None of us knew that he was a kid with learning disabilities that made him the self-proclaimed “poorest reader in the world.” Who knew that your teacher hated school so much that he spent most of it hoping that the time would pass quickly and with a tolerable dose of humiliation? Then he’d go home to deal with his dad, who often tore him down when he wanted to learn something in the garage. He’d be made to feel, if not directly told, that he’d always screw up. Or dad would just ignore him, which hurt a lot more than the few times when things got physical.
“I spot that wounded kid because I was that wounded kid,” your favorite teacher tells you.
And now you have a good portion of your answer, but there’s more to the secret of this man named M.
His full name is Dominick Martino, but we all to this day, still call him M or M’r, with the latter sounding like a verb, since this man was always in motion at Gardner Dickinson School in the small village of Wynantskill, NY. Thirty-one years after graduating from eighth grade, you are sitting next to M, and he’s offering to play cards with your slightly stubborn niece sitting to your left. Nothing more than a friendly stranger to her—some “funny-looking old guy” he says about himself, while a man everyone is calling M sucks her into a game called “Garbage.” Within seconds, he’s teasing her, and she’s smiling and he’s already won before the game ends. “I’m always honest,” he says with a grin. Then he turns to you and says, “But I lied a little to you about Larry Bird though. He drove me nuts. I liked Magic’s style. Bird always got the whistle.”
M’r, like Magic, had to grin even when he didn’t get a break from as far back as he could remember. He hid as best he could mostly through grade school, and struggled to graduate from CBA in 1963. But at one point, the high school baseball coach took notice, and that’s when he found an escape from the drudgery of reading and writing and keeping up with everything that didn’t make sense, and he felt like he was part of a team, something greater, a group that didn’t tease him because he could play a little. He finally, for once, felt normal out on that baseball field. His mom helped him get into Hudson Valley Community College, and he played a little baseball there while majoring in business, which felt more manageable. A coach then tried to direct him toward SUNY-Albany to play more baseball, and he followed. Yet when he arrived, his schedule included classes in Chinese history, astrology and anthropology, which added up to far too much reading and writing and pointless work given how hard it was for him to read and retain what he’d just read.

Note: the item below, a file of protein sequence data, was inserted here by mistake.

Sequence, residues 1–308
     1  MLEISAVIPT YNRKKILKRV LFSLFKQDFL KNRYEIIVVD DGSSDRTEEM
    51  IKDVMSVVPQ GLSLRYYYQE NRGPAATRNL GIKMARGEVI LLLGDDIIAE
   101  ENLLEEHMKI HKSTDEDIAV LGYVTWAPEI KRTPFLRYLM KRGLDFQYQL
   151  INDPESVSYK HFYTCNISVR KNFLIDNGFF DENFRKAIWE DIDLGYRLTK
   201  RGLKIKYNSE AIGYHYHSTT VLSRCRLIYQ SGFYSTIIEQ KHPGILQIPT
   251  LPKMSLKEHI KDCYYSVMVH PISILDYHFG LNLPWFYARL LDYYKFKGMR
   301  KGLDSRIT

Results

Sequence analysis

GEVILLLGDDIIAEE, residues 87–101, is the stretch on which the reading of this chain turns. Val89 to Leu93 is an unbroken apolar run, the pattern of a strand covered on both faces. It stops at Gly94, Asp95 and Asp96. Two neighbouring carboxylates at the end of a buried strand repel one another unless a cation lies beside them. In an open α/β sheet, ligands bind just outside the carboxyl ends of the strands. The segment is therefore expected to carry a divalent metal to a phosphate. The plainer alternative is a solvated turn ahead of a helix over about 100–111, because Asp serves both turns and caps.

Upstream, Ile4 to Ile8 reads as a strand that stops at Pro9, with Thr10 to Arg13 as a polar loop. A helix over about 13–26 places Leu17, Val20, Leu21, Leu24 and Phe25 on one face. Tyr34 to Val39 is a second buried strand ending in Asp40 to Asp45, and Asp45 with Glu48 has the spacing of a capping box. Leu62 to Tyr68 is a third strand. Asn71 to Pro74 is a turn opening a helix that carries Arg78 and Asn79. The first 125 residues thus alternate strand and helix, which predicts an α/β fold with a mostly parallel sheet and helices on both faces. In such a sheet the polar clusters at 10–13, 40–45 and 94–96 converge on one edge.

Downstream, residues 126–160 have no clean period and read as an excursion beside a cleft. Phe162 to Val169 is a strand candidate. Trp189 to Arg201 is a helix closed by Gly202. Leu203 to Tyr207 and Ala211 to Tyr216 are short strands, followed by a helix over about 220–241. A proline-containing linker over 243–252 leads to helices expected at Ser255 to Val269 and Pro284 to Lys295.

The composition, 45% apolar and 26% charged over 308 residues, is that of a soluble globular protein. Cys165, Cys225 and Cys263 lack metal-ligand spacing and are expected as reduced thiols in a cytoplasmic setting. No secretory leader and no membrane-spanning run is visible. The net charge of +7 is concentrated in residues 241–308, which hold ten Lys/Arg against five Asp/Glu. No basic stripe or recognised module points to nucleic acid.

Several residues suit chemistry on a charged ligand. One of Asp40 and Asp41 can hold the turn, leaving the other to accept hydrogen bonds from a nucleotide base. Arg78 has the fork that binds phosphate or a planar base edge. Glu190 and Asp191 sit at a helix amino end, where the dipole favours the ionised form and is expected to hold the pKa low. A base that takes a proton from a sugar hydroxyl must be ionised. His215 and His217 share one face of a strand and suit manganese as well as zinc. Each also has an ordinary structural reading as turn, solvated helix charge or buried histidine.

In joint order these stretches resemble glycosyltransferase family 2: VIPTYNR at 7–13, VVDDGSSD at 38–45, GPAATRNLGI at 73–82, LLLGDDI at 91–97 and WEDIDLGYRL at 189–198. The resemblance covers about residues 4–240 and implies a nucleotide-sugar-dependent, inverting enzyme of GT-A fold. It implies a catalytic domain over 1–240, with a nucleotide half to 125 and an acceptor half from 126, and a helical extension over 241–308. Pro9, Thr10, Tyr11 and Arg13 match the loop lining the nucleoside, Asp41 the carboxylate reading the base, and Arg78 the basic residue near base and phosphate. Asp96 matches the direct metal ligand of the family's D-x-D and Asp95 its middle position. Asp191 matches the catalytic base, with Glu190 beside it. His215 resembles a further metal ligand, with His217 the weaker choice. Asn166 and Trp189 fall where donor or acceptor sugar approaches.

“I’ve flunked out,” he said, “And boom – there’s the draft.”
At the time, he was working a little at General Electric, and had a part-time job at the grocery store. He delayed the inevitable for a few months by picking up a full-time job at Grand Cash grocery store in Colonie as a butcher.
“That’s the first time I see Pat,” M’r says, in speaking of his now wife of 50 years, Pat Martino, a nurse, and he’s talking as if it’s the present because he can see her that clearly. “She’s got her blue smock on and she’s starting to walk to the front register. She just looked like so pretty.”
He kept looking at her for a month or so, but he was too afraid to say anything until one of his buddies shouted out and embarrassed him. He asked Pat if she wanted a ride home.
“I live right across the street,” she said.
“I was shot down right off the bat,” he said. “I am depressed and everyone wants to know how it went.” Within a short time, Bobby piped up again and coordinated a car pool that left M and Pat on a long drive around Colonie.
Within months because he was not in school (mostly due to the people who put him in the wrong classes), M was drafted to go to Vietnam. He says goodbye to Pat, and bounced from fort to fort to prepare until final orders are given for him to go to Cam Rahn Bay right after the Tet Offensive in 1968. He and his Army comrades flew over in a hollowed-out Boeing 707 that was packed with soldiers.
“When I flew home one year later,” he said. “It was half full.”
Maybe after some bad luck, some random good luck had finally arrived. Maybe that’s the first and only break he needed to catch in life to go on to do what he did. At Ahn Khe, M’r was mostly limited to a landing zone area and he was on the radio most of the time. He never fired a weapon. “I’d work on the radio, and hear ‘incoming,’ and you’d all jump into a bunker. You’d wait for a call or sign ‘all clear’ and I’d hop back up and get back on the radio.”
M’r said he saw Camp Evans get leveled while he was on guard duty, and he still can see those rockets soaring above and hear that ammo blowing up all night. “I have to go somewhere else when there’s fireworks,” he says. “It’s unnerving to me. I still flinch to this day. I literally shutter. It’s in my bones. I can’t quite shake it.”
Meanwhile, his girlfriend Pat was writing him every day and mailing the letter every day. M’r only received a few per month. “If it wasn’t for Pat,” he said of his wife’s support, “There would be no M’r.”
M’r returned to Colonie, NY and married Pat in 1970. While she was finishing up nursing school, M’r went back to finish his PE degree at SUNY Albany. But getting a job didn’t happen right away. He was flipping hamburgers in Rochester, NY, when a contact suggested that he get in touch with a friend of his, Gordon Kibler, the new principal at a grade school back near his hometown where M’r could possibly be the physical education teacher.